Open Source and commercial interest can be odd bedfellows. The former depends of course on transparency and high access to thrive, while the latter tends to fall back on secrecy just to survive. Detractors of Open Source will even claim that there’s no such thing as a successful open source project, especially a profitable venture.
There are certainly exceptions to that broad allegation. Red Hat is an oft-cited one. So was MySQL even before (and likely the reason) Oracle snapped it up. And the list definitely doesn’t stop there (read the comments after this linked article).
But stronger still has been the resistance to certifying mobile devices in general for corporate use, much less anything running an open sourced operating system. RIM and its highly-touted secure, proprietary messaging system have had a virtual lock on the enterprise world for years… at least in the Americas.
Nokia’s Maemo has never even come close. The N900 was positioned more as a mobile computer than phone of any type, and its largely-open approach to communications (drivers and certain binary blobs notwithstanding) scared network security wonks– even as it endeared itself to IT trench warriors. One problem was its lack of support for Microsoft Provisioning for Exchange, as was bemoaned ad nauseum at talk.maemo.org. And so far no competitor has come close to threatening RIM. Not even Microsoft.
Talk enterprise communications for a growing part of the world, and you mean Blackberry.
And so I found it scary, fascinating and highly ironic when the United Arab Emirates (UAE) banned the popular Blackberry because, basically, of the one thing that makes it so damned attractive to corporate interests: its security. The article states:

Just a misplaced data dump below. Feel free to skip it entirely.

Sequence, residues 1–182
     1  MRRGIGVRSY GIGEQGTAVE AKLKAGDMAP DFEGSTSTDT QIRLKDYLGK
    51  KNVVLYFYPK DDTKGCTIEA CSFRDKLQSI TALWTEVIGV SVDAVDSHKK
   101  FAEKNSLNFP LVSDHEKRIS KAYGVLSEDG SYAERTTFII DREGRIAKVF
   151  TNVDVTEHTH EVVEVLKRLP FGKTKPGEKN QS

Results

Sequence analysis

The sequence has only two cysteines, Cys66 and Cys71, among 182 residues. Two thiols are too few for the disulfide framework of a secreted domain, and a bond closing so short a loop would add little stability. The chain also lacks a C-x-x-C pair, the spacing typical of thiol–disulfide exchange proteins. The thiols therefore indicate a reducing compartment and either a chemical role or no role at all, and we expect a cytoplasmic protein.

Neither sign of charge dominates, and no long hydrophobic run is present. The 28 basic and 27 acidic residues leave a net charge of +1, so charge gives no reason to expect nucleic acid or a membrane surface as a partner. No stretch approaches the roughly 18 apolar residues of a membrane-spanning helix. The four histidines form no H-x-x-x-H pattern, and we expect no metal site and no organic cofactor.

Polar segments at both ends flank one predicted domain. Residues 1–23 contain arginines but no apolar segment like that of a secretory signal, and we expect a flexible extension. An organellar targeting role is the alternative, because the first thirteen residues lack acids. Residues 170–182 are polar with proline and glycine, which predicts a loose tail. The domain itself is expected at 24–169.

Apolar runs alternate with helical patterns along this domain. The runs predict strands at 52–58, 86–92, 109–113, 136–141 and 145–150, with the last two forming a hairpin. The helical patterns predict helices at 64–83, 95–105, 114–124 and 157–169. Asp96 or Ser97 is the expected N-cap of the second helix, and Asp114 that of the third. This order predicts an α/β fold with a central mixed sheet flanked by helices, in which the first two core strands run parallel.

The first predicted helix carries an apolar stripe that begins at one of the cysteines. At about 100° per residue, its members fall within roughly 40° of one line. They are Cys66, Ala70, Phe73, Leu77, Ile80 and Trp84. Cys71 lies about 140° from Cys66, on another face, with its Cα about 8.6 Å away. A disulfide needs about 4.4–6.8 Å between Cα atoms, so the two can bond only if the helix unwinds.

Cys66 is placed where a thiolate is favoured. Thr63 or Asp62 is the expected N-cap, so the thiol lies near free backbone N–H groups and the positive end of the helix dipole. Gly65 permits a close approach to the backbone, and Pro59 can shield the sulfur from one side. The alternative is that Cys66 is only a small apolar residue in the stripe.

The government cited a potential security threat because encrypted data sent on the devices is moved abroad, where it cannot be monitored for illegal activity.
Which is funny considering that the one time Blackberries were any sort of security risk in the UAE, it was due to a local carrier sending spyware out to their customers.
You can’t make this stuff up.
The government paranoia is quickly spreading in the region, too, and could possibly go far beyond the Middle East both politically and of course economically. RIM may very well require the region for growth.
Which brings us down to the actual point. The transparency and openness of Linux-based operating systems like Maemo and now MeeGo is seen as a risk in some quarters, and a godsend in others.
Openness is a two-way street, however. Data traffic that can be monitored by governments can be seen by citizens too– as well as other parties. So there are two extremes in play here, each with distinctly attractive and even necessariy different philosophies and no real middle ground. Even President Obama encountered a tough time getting his Blackberry onto a White House network (this was solved using a customized device), so the issue is certainly not limited to more conservative nations.
The Blackberry ban is scary because of what’s being designated illegal by officials involved. Pornography, one of the biggest drivers of the Internet, is one such cited activity. That’s an easy target, and even understandable based on some aspects. But the rationales go even further, to the point that any communications that can’t be easily monitored by a sovereign body is considered a problem.
Things are getting interesting in RIM’s usual space in general, with Android and Apple’s iOS starting to chip away at Blackberry’s home turf, the American enterprise. It’s too soon to dig any graves for Canada-based RIM, but there’s no doubt the company has its work cut out for it, as will its up-and-coming competitors if the war on Blackberries spreads across global and corporate boundaries.
So what might any of this mean for MeeGo? That’s next.